We got to Coldwater Hut, found a dead rabbit in the lake, spotted some swans and some more ducks. We lit a fire in the awesome fireplace to drive out all the biting bugs and since we had two dinners for only one night, decided to have Chinese-flavoured rice that night and exploding mashed potato for breakfast.
Seriously. The flavouring didn't respond well to being heated.
Also that night was our farewell to the radio guy, but to our dismay it wasn't our best friend, our constant companion. We decided Sir Ed had some other important business to attend to.
We left Coldwater in the morning after a lazy start and it was several hours of walking around a most beautiful lake. We lost Paul for a bit and left him sitting on a jetty in his happy place.
When we got to the exit point we hung about for a bit. The other team drove down and picked up James, taking him away. We considered raiding his bag for the insect repellent but the dude packs ridiculously well.
Anyway, he came back with his car and we set off for St Arnaud, the bush portion of our trip sadly complete.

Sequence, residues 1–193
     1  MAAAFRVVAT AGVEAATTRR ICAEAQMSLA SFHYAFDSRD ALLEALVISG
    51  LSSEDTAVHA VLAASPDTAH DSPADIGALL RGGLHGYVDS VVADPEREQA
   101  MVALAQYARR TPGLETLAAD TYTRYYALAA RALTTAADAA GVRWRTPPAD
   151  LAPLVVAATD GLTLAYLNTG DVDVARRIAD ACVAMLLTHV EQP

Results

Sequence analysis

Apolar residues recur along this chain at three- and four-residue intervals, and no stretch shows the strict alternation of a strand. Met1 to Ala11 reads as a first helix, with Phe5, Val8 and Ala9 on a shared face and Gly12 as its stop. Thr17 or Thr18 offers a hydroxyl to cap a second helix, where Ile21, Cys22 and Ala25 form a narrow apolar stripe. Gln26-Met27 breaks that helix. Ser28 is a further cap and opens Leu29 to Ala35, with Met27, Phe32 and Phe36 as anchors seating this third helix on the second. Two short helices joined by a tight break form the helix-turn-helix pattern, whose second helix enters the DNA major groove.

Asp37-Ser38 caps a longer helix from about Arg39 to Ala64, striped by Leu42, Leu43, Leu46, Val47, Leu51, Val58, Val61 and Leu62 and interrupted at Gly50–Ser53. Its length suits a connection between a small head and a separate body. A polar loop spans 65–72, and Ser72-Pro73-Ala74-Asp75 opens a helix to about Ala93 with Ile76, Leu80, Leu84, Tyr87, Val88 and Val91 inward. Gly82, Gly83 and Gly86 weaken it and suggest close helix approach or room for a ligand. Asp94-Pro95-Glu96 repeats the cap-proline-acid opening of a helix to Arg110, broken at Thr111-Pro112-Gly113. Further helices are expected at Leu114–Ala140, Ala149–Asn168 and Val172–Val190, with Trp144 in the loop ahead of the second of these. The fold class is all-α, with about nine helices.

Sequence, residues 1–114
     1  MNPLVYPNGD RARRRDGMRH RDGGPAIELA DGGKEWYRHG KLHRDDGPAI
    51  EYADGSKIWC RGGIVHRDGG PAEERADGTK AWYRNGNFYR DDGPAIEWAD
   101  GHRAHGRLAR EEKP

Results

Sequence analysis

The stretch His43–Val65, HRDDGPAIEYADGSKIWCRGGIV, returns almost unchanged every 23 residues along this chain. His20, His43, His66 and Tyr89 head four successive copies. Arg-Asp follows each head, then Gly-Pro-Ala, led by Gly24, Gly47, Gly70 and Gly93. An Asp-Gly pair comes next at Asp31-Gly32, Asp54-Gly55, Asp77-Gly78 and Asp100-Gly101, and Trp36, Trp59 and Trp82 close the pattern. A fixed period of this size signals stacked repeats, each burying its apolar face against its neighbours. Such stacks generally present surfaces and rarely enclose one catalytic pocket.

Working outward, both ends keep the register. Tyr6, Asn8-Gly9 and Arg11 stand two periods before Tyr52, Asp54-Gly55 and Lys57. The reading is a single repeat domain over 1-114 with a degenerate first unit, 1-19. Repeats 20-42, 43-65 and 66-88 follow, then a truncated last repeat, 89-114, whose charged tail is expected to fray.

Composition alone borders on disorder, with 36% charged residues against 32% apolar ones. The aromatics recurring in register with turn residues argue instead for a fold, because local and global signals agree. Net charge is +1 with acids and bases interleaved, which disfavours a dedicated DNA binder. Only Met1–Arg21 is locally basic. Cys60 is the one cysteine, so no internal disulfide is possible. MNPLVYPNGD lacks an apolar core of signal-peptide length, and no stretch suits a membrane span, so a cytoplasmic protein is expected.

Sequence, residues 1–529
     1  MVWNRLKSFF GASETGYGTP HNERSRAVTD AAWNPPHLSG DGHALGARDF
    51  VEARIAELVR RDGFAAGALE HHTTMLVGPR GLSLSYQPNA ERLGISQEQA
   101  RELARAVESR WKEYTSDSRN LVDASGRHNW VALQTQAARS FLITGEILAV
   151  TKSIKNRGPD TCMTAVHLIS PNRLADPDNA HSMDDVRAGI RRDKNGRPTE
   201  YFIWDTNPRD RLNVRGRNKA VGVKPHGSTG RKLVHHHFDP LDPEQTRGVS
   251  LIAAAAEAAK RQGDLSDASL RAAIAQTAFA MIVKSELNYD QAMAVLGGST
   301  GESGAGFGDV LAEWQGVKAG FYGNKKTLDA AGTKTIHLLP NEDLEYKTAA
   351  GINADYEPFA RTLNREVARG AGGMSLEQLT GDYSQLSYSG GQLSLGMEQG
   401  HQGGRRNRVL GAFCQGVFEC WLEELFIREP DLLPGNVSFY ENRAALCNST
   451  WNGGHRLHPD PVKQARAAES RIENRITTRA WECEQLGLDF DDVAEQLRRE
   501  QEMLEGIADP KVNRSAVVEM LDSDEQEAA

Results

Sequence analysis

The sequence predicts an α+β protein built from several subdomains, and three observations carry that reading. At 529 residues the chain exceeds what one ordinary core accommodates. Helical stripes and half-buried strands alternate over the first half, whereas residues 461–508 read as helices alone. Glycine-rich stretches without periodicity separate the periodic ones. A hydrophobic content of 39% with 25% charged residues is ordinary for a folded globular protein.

In St Arnaud there is a general store, and a fish and chip store. We went straight for the general store and bought a pie each. James went crazy and bought a bottle of something fizzy and a bag of chips as well.
That was the best pie ever, after a week of mashed potatoes, rice and porridge.
So we went to the rented bach, found the other group showered and clean and had our own showers. At five we headed down to the fish and chip place and got some of those and topped up again at the general store.
We all hung out at the house, it was awesome. There were other baches with cool names like "Amble Inn" and "Elsewhere". This one was called "Dik's". Classy.
We played a game of modified Fiasco (look it up, it's awesome) and eventually we all got tired and found places to sleep.
The next morning Achim was making breakfast on a cooker by the light of his headtorch. Habits die hard. However it turned out the water and electricity were on the blink and so we staggered around for a few hours before organising ourselves and loading up the cars. As it turned out, the overnight rain had soaked the boots left outside. Some people were sad.
We stopped for lunch, devoured half of McDonalds and stopped by New World, and continued on to Picton. We checked in early and chilled around the cars for a bit. Eventually we got on the ferry, played cards, was awesome, and then eventually the ferry trip was over and so was our extravaganza.